Little Shearwater and possible megas aside, the pick of the seabird bunch this week had to be the presumed Fea's Petrel seen briefly from a pelagic trip in Lyme Bay (Dorset) on 22nd. Wilson's Storm-petrels again nudged into double figures, with five passing Bridges of Ross and another off Pendeen on 20th, and at least eight on a Scilly pelagic on 23rd. Further singles were seen off Bridges on 25th and 26th. Cory's Shearwater just about managed to pass the double-figure mark as well: some 15 birds were noted off Irish and Cornish coasts, including four from Porthgwarra on 20th and one from Inisheer (Co. Galway) on 21st. One individual made it into the North Sea, seen off Whitburn (Co. Durham) on 23rd, with presumably the same bird there again on 24th. Meanwhile some 35 Great Shearwaters were noted, all from regular seawatching locations, with five off Pendeen and nine off Annagh Head (Co. Mayo) on 21st the high counts for the week. It was a decent week for Balearic Shearwaters: over 200 birds were recorded, with birders at Porthgwarra scoring 47 on 26th, and 30 were recorded off Pendeen on 21st. Nearly 800 Sooty Shearwaters were logged over the past week, with three three-figure totals for Bridges of Ross: 134 on 20th, 100 on 23rd and 120 on 26th.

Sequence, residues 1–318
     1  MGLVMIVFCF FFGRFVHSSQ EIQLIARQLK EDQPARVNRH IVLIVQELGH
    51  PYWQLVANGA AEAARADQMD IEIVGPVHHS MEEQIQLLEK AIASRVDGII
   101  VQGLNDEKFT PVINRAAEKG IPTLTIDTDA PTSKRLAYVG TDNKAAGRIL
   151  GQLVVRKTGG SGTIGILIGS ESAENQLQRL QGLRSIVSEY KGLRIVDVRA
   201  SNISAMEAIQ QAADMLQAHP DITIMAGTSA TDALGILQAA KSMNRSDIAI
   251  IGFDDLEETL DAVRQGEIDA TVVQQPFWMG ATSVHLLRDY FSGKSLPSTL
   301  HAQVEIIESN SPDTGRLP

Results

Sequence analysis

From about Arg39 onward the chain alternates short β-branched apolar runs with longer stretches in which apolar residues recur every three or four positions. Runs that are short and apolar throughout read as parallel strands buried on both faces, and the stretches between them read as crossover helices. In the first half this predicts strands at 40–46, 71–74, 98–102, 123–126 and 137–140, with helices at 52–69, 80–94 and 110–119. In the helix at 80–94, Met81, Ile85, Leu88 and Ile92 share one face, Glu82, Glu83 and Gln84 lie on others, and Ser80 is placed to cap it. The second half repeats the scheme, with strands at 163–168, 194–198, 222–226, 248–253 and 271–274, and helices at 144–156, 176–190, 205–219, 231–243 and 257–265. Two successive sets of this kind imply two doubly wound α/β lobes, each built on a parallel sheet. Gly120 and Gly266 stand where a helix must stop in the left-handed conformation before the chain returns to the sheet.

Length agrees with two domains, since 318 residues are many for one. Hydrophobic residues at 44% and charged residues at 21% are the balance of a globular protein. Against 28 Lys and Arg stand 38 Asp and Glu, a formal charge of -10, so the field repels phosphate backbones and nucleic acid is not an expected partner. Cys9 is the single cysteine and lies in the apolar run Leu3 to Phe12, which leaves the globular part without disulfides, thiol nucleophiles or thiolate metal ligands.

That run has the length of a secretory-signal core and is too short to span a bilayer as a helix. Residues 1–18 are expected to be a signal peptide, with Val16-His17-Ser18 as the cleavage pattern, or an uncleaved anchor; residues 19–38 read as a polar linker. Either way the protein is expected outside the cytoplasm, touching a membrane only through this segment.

Seawatchers at Bridges of Ross also fared rather well for Sabine's Gulls throughout the course of the review period: 19 were counted on 20th, 16 the following day, three on 22nd, four on 24th, at least 15 on 25th and four on 26th. Also on 26th, five birds flew past Kilcummin Head (Co. Mayo). Singles were seen off Scilly, Strumble Head (Pembrokeshire) and Helvick Head (Co. Waterford) in the week, with another again around Loch Gairloch (Highland) off and on throughout the week. In Northumberland, a Sabine's Gull flew past St. Mary's Island on 22nd and another was seen near Ulverston (Cumbria) on 23rd. A juvenile was seen in Kent on 26th, flying past Reculver Towers. The pick of the Sabine's Gulls this week may well have been the inland first-summer that appeared at Upton Warren (Worcestershire) on 20th and was seen (off and on) throughout the week. Then, on 26th, the Upton bird was seen again throughout the early evening, while two adults spent a couple of hours on Westwood Pools!